To begin contesting their persistent state of non-citizenship, Marshallers have started to sue their American occupiers. They’re not seeking cash settlements, even though the $2 billion awarded to them by the Marshall Islands Nuclear Claim Tribunal ceased paying out before its coffers were emptied. No, in a wonderful moral jujitsu maneuver, the Marshalls have decided to sue the United States for not meeting its obligations to move toward nuclear disarmament as spelled out in the Nuclear Nonproliferation Treaty (NPT).

In a rare and brief moment of late-sixties global lucidity, the Treaty on the Non-Proliferation of Nuclear Weapons was ratified, and ostensibly went into effect in 1970. One-hundred ninety-one states, and all but four UN members, are signatories. The NPT is structured around three “pillars”: nonproliferation, disarmament, and the right to peaceful nuclear technology.

The Marshall Islands filed suit against America, together with eight other nuclear powers, last year in a San Francisco courtroom. The complaint was straightforward enough: The plaintiffs alleged that their occupying superpower had continued to modernize their nuclear arsenals in defiance of Article VI of the NPT. President Barack Obama, who won his Nobel Peace Prize largely due to the overheated rhetoric of declarations about “America’s commitment to seek the peace and security of a world without nuclear weapons,” is one of the named defendants.

This kind of thing is pretty much unprecedented, and so federal courts aren’t really sure what to do with the Marshall complaint, beyond ritually throwing it out of court. But the plaintiffs are undeterred, and have filed appeal after appeal. When judge Jeff White initially dismissed the case in February, he said, “Requiring the court to delve into and then monitor United States policies and decisions with regard to its nuclear programs and arsenal is an untenable request far beyond the purview of the federal courts.” True enough. But that just highlights a bigger problem: the nuclear dealings of the executive branch are beyond the purview of anyone.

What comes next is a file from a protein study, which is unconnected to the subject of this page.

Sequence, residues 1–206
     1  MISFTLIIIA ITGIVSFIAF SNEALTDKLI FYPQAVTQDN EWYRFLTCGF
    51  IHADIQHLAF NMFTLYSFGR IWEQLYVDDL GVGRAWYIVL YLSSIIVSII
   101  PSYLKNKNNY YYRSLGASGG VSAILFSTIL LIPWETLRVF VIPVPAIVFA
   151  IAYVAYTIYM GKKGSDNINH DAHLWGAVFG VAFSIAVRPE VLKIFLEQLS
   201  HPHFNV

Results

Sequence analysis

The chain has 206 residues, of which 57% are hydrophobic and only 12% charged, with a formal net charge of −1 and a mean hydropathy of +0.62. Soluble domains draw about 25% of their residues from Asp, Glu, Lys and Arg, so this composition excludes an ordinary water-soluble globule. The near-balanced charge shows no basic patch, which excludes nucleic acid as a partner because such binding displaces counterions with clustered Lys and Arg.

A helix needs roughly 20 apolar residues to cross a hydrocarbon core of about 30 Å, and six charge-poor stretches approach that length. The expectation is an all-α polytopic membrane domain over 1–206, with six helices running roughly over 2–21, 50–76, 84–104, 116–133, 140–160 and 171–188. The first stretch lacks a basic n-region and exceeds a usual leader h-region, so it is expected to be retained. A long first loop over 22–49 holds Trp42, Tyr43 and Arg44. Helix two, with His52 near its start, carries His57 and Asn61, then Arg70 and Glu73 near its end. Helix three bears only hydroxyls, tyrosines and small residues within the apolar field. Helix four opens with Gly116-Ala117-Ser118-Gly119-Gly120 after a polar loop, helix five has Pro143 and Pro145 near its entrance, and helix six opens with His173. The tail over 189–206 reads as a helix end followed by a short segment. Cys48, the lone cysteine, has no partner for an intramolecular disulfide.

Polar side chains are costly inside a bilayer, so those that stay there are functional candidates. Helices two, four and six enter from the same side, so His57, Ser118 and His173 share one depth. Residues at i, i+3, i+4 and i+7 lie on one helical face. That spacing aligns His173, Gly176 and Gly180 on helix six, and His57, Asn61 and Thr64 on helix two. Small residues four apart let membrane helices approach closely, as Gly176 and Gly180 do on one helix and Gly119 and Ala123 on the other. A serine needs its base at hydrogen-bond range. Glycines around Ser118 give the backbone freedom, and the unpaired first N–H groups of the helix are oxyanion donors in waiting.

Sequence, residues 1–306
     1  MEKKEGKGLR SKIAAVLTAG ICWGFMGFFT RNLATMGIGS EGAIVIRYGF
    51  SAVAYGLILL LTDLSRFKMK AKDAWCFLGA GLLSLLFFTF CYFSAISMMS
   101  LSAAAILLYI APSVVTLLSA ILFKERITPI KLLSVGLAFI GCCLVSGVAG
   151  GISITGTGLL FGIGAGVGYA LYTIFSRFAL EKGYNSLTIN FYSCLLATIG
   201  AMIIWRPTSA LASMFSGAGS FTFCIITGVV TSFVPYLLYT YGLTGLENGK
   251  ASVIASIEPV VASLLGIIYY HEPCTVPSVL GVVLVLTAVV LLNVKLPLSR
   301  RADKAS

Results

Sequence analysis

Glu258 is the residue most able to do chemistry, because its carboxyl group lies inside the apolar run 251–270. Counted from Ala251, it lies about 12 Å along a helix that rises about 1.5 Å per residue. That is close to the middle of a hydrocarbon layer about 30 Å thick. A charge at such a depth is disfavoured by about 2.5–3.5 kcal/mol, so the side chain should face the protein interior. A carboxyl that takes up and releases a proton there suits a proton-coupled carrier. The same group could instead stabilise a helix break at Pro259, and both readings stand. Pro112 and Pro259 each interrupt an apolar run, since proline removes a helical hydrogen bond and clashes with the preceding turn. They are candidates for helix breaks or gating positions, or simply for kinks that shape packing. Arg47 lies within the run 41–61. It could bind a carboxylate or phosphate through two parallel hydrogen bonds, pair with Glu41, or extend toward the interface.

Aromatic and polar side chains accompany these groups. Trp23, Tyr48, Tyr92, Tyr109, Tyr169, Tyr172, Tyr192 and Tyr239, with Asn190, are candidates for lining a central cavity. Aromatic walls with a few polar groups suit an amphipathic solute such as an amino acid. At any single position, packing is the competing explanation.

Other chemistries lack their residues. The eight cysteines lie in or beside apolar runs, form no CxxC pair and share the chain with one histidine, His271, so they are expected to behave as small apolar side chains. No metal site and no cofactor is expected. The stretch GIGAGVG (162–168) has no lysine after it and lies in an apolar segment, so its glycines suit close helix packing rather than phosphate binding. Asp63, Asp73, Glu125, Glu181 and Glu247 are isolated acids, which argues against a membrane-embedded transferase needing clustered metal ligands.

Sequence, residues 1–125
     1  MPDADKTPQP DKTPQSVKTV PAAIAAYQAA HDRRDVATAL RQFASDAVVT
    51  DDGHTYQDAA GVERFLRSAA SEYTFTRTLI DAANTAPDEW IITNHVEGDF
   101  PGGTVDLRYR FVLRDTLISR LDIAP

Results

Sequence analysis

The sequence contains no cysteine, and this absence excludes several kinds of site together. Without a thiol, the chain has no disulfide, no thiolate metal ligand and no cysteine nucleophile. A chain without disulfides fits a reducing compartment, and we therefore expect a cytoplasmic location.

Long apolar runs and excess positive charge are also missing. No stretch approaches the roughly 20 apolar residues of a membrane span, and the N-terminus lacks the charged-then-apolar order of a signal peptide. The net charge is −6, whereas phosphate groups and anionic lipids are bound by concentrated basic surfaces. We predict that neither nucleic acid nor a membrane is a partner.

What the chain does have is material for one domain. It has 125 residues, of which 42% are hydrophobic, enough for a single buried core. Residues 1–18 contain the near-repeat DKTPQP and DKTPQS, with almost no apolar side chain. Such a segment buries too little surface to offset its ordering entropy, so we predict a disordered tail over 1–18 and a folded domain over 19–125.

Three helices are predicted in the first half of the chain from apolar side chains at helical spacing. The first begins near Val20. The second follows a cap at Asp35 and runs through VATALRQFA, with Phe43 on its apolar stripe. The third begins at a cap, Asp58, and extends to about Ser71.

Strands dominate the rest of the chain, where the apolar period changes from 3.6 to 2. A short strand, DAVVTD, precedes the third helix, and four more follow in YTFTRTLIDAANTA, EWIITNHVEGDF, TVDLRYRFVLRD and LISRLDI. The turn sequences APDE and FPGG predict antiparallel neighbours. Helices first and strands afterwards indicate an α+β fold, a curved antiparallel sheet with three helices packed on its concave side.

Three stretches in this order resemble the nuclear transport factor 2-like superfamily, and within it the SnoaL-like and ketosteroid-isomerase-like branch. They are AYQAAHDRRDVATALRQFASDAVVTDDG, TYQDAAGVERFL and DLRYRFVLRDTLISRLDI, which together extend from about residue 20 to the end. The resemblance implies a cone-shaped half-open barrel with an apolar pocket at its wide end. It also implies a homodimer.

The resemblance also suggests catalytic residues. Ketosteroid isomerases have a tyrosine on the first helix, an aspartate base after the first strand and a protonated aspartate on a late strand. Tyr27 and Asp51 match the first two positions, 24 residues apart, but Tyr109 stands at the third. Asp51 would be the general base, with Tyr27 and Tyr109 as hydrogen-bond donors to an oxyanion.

It’s a particularly ironic legal situation for the United States to find itself in as Congress and Obama try to iron out the terms of a nonproliferation accord with Iran. But the quiet legal battle speaks to a larger trend—the downgrading of our nuclear fears to procedural diplomatic bids to prevent nefarious “rogue states” or “individual actors” from getting ahold of nuclear weaponry. After all, nuclear technology doesn’t become less dangerous by virtue of being in the possession of nation-states like America, India, Pakistan, or Israel.

The United States has the dubious honor of being the only power to use them to incinerate entire civilian populations—to say nothing of the scads of people affected by our testing, as the Marshall Islands’ case shows. The only barrier between the world and America’s nuclear arsenal are the moral faculties of a single individual (who post-2016, could be named Ted Cruz) and rapidly aging technological safeguards. There was once a vibrant anti-nuclear movement in America that took notice of these dangers and dedicated itself, sometimes radically, to working toward a nuclear-free world. People of conscience pouring blood onto nuclear facility files and damaging nuclear warheads are of a different order than the litigation of the Marshall Islands. In reality, though, they’re largely means to the same end—DIY attempts to solve a problem so vast and daunting that it seems to defy the very notion of “recipe knowledge.” And maybe, if the tiny Marshalls get their ultimate day in court, they might create a greatly outsized precedent for the ongoing struggle to render our world a bit less hot, flat, crowded—and incineration-prone.

Scott Beauchamp is a writer and veteran who lives in Maine. His work has appeared in The AtlanticRolling Stone, and the Village Voice, among other places.